Odontocharacidium aphanes (not Weitzman, Kanazawa, 1977). –Buckup, 1993a:305-41 (phylogenetic study of Characidiinae). –Buckup, 1993b:136 (description of Odontocharacidium; distribution). –Buckup, 2003:93 (Checklist; occurrence in Venezuela). –Buckup, van der Sleen, 2018:147 (Field guide; distribution).
Holotype. MHNLS 26156, 14.7 mm SL, Venezuela, Río Negro Municipality, Río Orinoco, Caño Chola, where it crosses the road from San Carlos de Río Negro to Solano, 1°58’00”N 67°00’00”W, 11 Apr 1985, R.P. Vari.
Paratypes. All from Venezuela, Amazonas: ANSP 161317, 8, 14.3-15.8 mm SL, Venezuela, Amazonas, Cano Caño entering eastern side of Río Casiquiare ca. 7.0 km approx. downstream from mouth of Río Pamoni, 2°48’00”N 65°58’00”W, 20 Mar 1987, B. Chernoff, S.W.G. Lopes, J. Fernandez, O. Castillo, M.E Antonio. FMNH 105971, 4, 12.7-12.8 mm SL, Venezuela, Território Federal Amazonas [Currently Estado Amazonas], Caño Curcutito about. 1 km upstream mouth in Río Autana, 4°43’48”N 67°37’12”W, 11 Feb 1992, B. Chernoff, A. Machado-Allison, J. A Wheeler, J. Fernandez, N. M. Gotschall. USNM 270149, 21, 14.1-16.6 mm SL (2 c&s), 14.8-15.8 mm SL, collected with holotype.
FIGURE 1| Odontocharacidium varii, new species, A. Holotype, MHNLS 26156, 14.7 mm SL, Venezuela, Río Negro Municipality, Río Orinoco; Paratype, USNM 270149, 14.3 mm SL, Venezuela, Río Negro Municipality, Río Orinoco. Scale bar = 1 mm.
Diagnosis. Odontocharacidium varii differs from O. aphanes by the presence of the antorbital (vs. antorbital absent); the presence of the supraorbital laterosensory canal (vs. canal absent); the presence of postcleithrum 1 (vs. postcleithrum 1 absent); the presence of conspicuous bars extending ventrally to the middle portion of the body (vs. bars restricted to the dorsal portion of the body); and the presence of two dark round blotches located at the tip of caudal peduncle (vs. blotches absent).
Description. Morphometric data for the holotype and paratypes, Tab.1. Body short, relatively compressed. Dorsal profile convex from snout tip to dorsal-fin terminus, slightly concave or nearly straight from that point to insertion of anteriormost dorsal caudal-fin procurrent rays. Ventral profile convex from lower lip to pelvic-fin insertion, moderately convex from that point to anal-fin origin, becoming slightly concave from that point to insertion of first ventral procurrent caudal-fin ray.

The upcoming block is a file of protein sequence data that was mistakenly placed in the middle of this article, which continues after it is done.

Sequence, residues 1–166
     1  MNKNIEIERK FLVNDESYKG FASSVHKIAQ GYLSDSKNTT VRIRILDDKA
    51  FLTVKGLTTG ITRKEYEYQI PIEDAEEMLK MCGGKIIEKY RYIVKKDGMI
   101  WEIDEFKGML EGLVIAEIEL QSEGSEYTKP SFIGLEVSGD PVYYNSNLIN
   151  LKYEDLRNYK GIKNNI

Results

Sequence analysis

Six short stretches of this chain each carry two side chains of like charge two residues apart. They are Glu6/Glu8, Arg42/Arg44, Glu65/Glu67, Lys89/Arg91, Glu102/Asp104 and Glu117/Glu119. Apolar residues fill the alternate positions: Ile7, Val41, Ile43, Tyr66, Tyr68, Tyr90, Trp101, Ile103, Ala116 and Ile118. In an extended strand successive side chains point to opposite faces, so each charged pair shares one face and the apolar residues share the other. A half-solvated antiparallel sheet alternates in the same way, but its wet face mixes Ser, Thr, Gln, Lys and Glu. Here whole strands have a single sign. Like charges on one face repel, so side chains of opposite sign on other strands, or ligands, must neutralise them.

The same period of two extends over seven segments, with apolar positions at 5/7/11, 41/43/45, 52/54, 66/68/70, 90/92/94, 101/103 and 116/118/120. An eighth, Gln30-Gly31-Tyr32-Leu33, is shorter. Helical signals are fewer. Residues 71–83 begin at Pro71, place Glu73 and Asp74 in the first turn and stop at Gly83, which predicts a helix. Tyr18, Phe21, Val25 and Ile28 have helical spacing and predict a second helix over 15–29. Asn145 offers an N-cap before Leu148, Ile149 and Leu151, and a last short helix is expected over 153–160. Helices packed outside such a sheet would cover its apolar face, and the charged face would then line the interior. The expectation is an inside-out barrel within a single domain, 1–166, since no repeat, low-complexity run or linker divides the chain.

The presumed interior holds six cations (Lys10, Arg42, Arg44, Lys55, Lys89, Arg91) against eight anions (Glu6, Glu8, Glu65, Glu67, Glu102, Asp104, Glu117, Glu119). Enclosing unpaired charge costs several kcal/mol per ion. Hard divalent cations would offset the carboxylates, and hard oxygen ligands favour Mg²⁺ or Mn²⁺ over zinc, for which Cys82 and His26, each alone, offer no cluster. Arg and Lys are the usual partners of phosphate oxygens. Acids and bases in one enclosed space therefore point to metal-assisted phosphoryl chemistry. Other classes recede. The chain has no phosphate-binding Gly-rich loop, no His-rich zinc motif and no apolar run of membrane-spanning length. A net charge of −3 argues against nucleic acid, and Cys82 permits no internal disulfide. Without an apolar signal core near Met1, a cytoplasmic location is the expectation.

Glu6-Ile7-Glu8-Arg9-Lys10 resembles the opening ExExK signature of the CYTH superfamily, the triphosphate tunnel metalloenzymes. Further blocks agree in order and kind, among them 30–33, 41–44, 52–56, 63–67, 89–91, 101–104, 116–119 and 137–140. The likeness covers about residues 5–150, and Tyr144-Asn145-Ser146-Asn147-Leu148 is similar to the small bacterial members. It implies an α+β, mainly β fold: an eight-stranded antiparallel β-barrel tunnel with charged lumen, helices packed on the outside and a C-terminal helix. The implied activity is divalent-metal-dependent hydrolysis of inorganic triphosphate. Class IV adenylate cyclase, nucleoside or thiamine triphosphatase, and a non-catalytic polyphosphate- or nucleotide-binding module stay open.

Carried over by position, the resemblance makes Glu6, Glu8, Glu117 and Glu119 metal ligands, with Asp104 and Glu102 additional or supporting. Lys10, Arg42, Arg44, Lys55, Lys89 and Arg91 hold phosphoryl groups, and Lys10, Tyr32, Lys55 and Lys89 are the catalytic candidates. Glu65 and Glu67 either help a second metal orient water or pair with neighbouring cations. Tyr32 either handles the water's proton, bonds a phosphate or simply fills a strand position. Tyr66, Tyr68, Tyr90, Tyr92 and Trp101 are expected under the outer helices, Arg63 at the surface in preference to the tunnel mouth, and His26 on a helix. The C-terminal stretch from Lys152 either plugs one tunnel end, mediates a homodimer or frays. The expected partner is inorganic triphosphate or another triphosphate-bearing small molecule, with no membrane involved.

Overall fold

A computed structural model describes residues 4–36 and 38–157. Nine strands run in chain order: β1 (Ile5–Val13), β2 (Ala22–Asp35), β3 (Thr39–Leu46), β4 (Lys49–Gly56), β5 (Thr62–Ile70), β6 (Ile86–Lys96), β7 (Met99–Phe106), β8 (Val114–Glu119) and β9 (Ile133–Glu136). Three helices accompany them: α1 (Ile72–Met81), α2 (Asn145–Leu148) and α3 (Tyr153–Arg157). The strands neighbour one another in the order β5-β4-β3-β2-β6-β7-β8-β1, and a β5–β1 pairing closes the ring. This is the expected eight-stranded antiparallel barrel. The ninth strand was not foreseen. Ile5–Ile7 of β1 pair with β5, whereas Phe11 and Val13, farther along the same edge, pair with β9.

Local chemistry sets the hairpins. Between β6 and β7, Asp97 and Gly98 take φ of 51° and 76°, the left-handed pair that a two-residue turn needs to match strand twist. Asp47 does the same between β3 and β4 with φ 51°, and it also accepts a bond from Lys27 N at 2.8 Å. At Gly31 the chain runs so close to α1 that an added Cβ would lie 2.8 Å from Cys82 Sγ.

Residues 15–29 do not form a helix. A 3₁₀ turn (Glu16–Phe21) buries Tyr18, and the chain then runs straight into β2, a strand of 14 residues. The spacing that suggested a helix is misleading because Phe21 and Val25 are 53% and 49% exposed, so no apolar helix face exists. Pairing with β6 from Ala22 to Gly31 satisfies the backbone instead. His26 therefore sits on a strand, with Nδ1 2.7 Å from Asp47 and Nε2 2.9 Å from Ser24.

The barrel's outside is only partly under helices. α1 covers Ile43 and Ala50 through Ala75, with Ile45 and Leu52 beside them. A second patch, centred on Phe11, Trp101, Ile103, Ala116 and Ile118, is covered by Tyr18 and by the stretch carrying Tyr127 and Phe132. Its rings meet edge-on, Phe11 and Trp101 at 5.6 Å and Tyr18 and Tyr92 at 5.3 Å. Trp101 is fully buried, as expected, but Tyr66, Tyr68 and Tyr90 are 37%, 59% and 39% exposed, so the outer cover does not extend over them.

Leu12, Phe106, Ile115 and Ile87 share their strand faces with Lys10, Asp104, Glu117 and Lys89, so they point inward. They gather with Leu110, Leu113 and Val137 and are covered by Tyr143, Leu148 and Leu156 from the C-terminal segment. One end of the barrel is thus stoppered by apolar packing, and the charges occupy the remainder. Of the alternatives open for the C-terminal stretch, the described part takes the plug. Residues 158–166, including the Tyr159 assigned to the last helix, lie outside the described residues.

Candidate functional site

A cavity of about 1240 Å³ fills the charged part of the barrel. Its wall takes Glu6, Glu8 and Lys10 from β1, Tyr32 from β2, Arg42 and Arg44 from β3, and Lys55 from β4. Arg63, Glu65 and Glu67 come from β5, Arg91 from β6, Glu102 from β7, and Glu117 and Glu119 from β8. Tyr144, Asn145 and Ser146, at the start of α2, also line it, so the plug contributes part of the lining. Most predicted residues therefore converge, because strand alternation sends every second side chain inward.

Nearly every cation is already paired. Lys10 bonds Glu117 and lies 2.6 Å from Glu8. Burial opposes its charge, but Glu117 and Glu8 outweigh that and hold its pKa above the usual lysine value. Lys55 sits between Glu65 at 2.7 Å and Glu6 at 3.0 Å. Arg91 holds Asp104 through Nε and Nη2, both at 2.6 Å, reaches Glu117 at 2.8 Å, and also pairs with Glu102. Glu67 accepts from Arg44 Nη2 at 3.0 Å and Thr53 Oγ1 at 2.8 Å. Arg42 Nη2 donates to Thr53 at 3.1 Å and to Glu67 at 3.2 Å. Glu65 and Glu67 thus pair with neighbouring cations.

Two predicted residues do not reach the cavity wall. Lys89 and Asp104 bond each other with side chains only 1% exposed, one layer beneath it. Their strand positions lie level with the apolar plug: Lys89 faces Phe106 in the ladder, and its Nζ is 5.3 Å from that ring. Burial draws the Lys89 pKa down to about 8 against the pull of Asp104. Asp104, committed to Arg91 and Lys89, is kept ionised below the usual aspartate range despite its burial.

TABLE 1 | Morphometrics of Odontocharacidium varii. Number of individuals (20), mean, minimum (Min), maximum (Max) and standard deviation (SD) include values of the holotype.
Total length (mm)
Standard length (mm)
Head length (mm)
Percentage of SL
Body depth at dorsal-fin origin
Body depth at anal-fin origin
Body depth at caudal peduncle
Percentage of HL
Mouth small, terminal. Teeth on both jaws conical, Fig. 2. Premaxilla with single row of 9(1) or 10(1) teeth decreasing in size laterally. Maxilla reaching vertical through anterior margin of orbit. Maxilla with 9(1) or 10(1) teeth along entire ventral edge, Fig. 2. Dentary with two series of teeth, outer series with 8(2), inner series with 9(1) or 12(1). Ectopterygoid teeth 6(1) or 7(1). Endopterygoid edentulous. Nostrils round distinctly separated by fleshy bridge without dermal flaps. Posterior nostril closer to orbit and slightly larger than anterior nostril. Small cranial fontanel bordered by supraoccipital, parietal and frontal. Branchiostegal rays 4(2); 3(2) in the anterior ceratohyal, and 1(2) between the anterior ceratohyal and posterior ceratohyal. Antorbital present. Parietal branch of supraorbital laterosensory canal present.